Medichecks results back - confused about them. - Thyroid UK

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Medichecks results back - confused about them.


Hi all,

I am a 30 year old female with 2 children (8 and 6) and developed hypothyroidism after my second child (I did have hyperthyrodism initially).

My GP has me on 75mg of levothyroxine but I am suffering from very sever fatigue, restless legs, memory fog and lots of other symptoms - they are really starting to affect my day to day life now.

So, I decided to have the medichecks Thyroid Check UltraVit rT3 test done - The results are back and i'm confused as they appear to tell me that the Thyroid meds are correct - yet my symptoms are terrible. I didn't take my meds on the morning of the test so as not to skew the results.

I wondered if anyone could help me interpret them please and maybe offer some advice?

I have attached screenies of the lab tests.

Thank you so much for any help.

5 Replies

For reference - here is a copy and paste of the "letter" that came with the lab report :


Please find our comments below regarding your test results.

I note that you are taking 75mcg levothyroxine currently.

All of your thyroid hormones are normal indicating that your dose is correct.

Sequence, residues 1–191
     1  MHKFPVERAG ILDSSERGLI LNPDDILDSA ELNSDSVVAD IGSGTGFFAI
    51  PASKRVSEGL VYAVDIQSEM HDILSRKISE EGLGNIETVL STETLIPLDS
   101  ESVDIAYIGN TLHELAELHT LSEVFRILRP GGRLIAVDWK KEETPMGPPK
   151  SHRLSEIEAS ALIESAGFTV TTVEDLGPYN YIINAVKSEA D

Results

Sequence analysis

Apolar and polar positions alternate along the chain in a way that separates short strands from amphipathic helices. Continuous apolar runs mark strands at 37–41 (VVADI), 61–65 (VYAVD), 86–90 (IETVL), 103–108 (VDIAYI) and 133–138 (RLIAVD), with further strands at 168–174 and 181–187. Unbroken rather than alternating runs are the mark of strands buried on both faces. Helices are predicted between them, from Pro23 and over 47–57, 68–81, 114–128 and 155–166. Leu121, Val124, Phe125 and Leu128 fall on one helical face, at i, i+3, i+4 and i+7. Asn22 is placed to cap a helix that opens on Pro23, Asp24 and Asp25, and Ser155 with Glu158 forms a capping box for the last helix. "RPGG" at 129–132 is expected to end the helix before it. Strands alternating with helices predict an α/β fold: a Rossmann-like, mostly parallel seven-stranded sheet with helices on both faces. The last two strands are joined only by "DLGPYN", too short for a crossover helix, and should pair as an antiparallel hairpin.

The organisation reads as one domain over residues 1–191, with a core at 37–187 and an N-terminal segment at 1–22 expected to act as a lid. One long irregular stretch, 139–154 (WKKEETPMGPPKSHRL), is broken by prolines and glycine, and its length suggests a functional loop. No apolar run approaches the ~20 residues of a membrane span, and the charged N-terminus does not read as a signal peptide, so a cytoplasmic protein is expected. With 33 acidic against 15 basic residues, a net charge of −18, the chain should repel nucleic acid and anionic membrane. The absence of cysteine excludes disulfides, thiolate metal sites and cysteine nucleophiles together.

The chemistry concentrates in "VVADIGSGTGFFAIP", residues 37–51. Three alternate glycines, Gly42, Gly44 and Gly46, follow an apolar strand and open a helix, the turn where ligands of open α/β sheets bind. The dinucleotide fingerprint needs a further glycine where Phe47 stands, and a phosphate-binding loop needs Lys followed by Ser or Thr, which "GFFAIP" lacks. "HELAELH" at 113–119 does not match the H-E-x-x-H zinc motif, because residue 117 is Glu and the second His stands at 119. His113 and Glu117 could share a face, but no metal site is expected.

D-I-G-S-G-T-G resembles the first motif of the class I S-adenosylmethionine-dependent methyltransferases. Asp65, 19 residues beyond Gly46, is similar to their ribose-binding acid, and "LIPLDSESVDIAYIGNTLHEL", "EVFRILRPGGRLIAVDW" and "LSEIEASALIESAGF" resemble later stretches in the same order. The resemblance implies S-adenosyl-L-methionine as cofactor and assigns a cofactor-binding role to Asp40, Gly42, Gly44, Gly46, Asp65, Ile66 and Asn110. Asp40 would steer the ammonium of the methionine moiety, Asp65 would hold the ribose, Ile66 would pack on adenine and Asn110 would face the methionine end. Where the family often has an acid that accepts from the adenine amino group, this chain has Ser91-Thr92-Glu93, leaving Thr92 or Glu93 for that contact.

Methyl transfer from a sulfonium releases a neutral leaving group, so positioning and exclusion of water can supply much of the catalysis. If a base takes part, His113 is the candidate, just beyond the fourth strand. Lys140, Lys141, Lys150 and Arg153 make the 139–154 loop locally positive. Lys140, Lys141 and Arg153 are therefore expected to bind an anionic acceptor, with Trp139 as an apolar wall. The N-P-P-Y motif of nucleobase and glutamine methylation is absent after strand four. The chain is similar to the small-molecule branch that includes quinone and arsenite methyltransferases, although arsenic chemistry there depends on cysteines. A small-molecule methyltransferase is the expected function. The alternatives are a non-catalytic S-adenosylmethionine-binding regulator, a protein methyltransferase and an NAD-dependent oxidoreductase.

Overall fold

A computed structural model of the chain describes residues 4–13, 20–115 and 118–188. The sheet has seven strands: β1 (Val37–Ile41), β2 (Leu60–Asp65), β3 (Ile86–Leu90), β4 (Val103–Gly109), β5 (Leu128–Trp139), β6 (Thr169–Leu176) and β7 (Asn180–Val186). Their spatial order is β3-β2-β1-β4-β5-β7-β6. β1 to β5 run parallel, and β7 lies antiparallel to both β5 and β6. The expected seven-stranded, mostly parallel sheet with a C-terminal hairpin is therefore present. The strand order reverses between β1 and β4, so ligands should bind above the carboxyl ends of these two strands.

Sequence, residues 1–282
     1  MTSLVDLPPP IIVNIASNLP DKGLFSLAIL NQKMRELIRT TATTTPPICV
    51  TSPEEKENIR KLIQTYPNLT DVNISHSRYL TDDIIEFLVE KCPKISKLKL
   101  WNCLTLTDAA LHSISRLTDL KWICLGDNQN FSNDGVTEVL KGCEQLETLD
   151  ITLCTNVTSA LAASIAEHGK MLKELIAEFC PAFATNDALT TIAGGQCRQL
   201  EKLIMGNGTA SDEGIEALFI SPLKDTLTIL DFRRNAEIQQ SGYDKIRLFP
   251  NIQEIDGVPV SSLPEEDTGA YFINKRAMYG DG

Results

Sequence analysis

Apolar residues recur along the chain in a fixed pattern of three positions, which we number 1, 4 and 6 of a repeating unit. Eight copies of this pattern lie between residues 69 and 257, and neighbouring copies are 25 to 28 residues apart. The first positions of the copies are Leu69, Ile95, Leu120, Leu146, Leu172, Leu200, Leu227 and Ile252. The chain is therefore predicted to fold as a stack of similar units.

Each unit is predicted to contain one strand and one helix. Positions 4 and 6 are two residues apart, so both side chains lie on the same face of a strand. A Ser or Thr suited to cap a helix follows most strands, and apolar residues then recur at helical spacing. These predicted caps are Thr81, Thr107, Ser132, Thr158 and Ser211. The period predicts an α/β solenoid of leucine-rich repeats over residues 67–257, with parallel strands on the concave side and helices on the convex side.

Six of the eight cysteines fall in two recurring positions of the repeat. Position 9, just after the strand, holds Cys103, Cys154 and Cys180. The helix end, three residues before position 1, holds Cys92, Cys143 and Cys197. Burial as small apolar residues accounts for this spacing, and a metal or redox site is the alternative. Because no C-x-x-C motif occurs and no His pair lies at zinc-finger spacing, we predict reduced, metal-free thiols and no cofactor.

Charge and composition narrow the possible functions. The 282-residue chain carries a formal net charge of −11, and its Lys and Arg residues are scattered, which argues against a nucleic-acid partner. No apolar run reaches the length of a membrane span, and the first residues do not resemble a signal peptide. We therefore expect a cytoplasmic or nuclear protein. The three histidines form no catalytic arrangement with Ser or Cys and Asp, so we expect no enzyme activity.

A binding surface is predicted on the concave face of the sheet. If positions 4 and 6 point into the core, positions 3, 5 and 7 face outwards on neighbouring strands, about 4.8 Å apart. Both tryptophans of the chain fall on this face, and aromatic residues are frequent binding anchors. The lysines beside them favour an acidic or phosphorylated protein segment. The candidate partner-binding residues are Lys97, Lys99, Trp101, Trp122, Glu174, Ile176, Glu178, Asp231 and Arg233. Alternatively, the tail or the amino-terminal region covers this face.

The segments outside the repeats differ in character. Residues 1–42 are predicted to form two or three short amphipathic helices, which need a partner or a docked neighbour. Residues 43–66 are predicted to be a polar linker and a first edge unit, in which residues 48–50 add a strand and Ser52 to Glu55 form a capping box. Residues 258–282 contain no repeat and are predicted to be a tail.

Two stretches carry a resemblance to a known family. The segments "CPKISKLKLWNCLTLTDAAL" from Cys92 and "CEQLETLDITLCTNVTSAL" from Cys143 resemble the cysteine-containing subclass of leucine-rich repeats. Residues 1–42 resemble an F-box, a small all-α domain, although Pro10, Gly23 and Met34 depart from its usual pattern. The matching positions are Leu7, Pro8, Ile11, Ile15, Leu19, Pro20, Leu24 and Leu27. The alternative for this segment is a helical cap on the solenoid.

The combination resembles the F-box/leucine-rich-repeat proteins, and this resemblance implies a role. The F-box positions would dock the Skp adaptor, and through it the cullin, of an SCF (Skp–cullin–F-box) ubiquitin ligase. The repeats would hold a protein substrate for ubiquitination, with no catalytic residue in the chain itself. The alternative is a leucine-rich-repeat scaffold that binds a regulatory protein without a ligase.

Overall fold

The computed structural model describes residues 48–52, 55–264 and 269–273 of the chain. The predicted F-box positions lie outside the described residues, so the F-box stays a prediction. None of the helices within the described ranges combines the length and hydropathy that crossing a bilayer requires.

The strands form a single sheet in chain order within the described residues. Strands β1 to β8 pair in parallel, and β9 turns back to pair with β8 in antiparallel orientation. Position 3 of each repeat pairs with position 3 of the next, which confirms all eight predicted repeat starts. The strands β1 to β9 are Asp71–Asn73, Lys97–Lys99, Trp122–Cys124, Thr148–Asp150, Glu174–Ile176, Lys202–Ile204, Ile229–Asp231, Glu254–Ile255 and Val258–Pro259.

Your thyroid antibodies are high in keeping with an autoimmune thyroid problem.

Your levels of vitamin B12 and folate are normal.

Your vitamin D levels are bordering on insufficient. This may progress to vitamin D insufficiency or deficiency if you don’t take steps to increase your vitamin D levels.

Low levels of vitamin D can cause fatigue, bodily aches, poor memory and difficulties concentrating.

Outside of the winter months there is enough sun for your skin to make at least part of your daily requirement of vitamin D, so it is worth trying to get 15-20 minutes of midday sun when the sun is out. Vitamin D can also be found in fortified foods such as breakfast cereals, plant-based milks, tofu and some fruit juices. The only reliable natural source of vitamin D is in oily fish, although it can also be found in some mushrooms (portobello, maitake, morel, button, and shiitake are particularly good), you can improve this by leaving the mushrooms in the sun before cooking them.